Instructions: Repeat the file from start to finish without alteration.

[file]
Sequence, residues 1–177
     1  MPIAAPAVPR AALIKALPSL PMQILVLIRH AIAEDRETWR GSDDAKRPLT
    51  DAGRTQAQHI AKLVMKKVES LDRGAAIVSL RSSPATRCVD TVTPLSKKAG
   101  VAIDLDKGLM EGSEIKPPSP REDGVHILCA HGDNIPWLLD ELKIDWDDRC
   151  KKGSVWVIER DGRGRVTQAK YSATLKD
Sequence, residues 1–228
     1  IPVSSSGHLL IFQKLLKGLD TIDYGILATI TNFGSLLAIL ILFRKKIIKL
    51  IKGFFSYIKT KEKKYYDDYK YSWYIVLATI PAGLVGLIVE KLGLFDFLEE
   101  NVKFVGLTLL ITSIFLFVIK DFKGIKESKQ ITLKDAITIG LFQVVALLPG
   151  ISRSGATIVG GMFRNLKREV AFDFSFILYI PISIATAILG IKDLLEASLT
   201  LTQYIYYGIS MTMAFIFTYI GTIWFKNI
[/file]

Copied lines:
Sequence, residues 1–177
     1  MPIAAPAVPR AALIKALPSL PMQILVLIRH AIAEDRETWR GSDDAKRPLT
    51  DAGRTQAQHI AKLVMKKVES LDRGAAIVSL RSSPATRCVD TVTPLSKKAG
   101  VAIDLDKGLM EGSEIKPPSP REDGVHILCA HGDNIPWLLD ELKIDWDDRC
   151  KKGSVWVIER DGRGRVTQAK YSATLKD
Sequence, residues 1–228
     1  IPVSSSGHLL IFQKLLKGLD TIDYGILATI TNFGSLLAIL ILFRKKIIKL
    51  IKGFFSYIKT KEKKYYDDYK YSWYIVLATI PAGLVGLIVE KLGLFDFLEE
   101  NVKFVGLTLL ITSIFLFVIK DFKGIKESKQ ITLKDAITIG LFQVVALLPG
   151  ISRSGATIVG GMFRNLKREV AFDFSFILYI PISIATAILG IKDLLEASLT
   201  LTQYIYYGIS MTMAFIFTYI GTIWFKNI